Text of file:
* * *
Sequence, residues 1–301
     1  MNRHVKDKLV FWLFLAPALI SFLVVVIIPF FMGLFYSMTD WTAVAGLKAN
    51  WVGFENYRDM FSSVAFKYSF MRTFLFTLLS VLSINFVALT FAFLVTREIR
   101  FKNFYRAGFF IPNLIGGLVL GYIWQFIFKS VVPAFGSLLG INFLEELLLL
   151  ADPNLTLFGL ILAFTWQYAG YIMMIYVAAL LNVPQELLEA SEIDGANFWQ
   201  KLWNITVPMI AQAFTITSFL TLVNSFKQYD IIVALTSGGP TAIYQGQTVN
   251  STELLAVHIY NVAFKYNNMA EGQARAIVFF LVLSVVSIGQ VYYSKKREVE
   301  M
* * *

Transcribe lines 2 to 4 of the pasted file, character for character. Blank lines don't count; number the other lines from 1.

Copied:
     1  MNRHVKDKLV FWLFLAPALI SFLVVVIIPF FMGLFYSMTD WTAVAGLKAN
    51  WVGFENYRDM FSSVAFKYSF MRTFLFTLLS VLSINFVALT FAFLVTREIR
   101  FKNFYRAGFF IPNLIGGLVL GYIWQFIFKS VVPAFGSLLG INFLEELLLL